In the cross section of a typical young stem there may be distinguished the same three types of tissue which are present in the root, but they are arranged somewhat differently. Outside the whole is the epidermis, consisting of a single cell-layer, and often replaced entirely, at an early stage, by a zone of corky bark. Beneath this is the cortex, varying in thickness but rarely occupying as prominent a a place in the stem as it does in the root. Beneath the cortex lies the fibro-vascular cylinder which, unlike its counterpart in the root, is arranged in the form of a hollow tube. The core of this tube is occupied by the pith, a tissue much resembling the cortex. A more detailed account of the character of the cells composing these tissues may be appropriately undertaken now, for although all the tissues here mentioned are present in root, stem, and leaf, they reach their greatest differentiation and complexity in the stem, and in this region of the plant they can therefore most profitably be studied. The structure of the fibro-vascular tissues of a woody dicotyledonous plant can well be seen in Figs. 49 and 50 (TODO: Add all figures from the book), a transverse and a radial longitudinal section through a portion of the stem shown in Fig. 48.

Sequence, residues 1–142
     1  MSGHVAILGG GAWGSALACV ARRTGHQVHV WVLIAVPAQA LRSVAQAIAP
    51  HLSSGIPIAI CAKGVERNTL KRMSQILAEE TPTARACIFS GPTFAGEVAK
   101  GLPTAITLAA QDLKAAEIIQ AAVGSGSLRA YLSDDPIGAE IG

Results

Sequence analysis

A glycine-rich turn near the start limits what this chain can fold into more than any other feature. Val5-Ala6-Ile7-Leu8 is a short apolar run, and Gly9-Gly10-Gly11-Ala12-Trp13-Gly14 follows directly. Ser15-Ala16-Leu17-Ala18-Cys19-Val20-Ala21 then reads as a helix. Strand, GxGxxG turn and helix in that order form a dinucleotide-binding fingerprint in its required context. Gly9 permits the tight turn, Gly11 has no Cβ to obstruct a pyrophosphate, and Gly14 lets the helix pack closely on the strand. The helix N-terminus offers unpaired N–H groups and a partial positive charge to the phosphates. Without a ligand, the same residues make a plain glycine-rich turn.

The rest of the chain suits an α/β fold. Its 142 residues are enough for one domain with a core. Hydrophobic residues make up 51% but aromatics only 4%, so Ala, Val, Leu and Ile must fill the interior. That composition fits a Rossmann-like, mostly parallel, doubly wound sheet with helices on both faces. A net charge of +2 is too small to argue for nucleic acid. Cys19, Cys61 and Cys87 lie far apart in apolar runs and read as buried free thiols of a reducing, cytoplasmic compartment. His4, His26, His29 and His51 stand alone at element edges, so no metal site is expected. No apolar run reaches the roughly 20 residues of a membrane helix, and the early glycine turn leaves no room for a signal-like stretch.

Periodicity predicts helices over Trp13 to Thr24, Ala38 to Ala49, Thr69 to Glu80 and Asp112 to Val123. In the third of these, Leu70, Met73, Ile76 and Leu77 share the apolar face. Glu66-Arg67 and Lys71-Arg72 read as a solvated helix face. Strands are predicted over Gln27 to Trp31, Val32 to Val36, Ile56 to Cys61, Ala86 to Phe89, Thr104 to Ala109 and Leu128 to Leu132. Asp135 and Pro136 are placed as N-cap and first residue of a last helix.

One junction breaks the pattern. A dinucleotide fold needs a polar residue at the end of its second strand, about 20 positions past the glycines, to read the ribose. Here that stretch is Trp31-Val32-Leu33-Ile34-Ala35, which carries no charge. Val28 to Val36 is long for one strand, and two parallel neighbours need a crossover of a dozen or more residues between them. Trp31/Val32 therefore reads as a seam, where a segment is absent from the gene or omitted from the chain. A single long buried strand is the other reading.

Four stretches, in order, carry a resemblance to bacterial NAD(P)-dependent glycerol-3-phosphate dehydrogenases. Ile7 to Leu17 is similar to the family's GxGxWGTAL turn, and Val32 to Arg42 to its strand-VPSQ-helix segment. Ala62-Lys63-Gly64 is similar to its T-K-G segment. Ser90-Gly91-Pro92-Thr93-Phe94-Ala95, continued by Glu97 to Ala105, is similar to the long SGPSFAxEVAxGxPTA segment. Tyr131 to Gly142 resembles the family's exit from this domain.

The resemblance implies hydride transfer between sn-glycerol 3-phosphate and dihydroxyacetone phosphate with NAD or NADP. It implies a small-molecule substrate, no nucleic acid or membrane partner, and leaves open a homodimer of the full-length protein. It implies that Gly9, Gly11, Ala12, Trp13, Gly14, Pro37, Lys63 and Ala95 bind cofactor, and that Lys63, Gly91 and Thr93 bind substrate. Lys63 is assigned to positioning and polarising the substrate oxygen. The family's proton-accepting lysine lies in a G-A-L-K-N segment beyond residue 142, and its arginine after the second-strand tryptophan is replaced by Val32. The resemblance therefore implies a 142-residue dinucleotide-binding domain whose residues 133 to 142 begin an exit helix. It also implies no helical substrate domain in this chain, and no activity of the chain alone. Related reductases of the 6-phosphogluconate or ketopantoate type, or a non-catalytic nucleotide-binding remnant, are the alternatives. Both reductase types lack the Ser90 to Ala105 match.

Protective Layers

The epidermal cells resemble those of the leaf epidermis and require no special comment. In stems which are growing in thickness, however, the epidermis is soon sloughed off and its protective function is assumed by a layer of corky cells formed directly under it and constantly renewed. In these cells the protoplasm soon disappears and the normal cellulose wall becomes corky or suberized and is thus rendered almost impermeable to air or water. The lenticels, which we have already mentioned, are spots in this corky layer where the cells are somewhat loose and spongy and thus allow the passage of gases.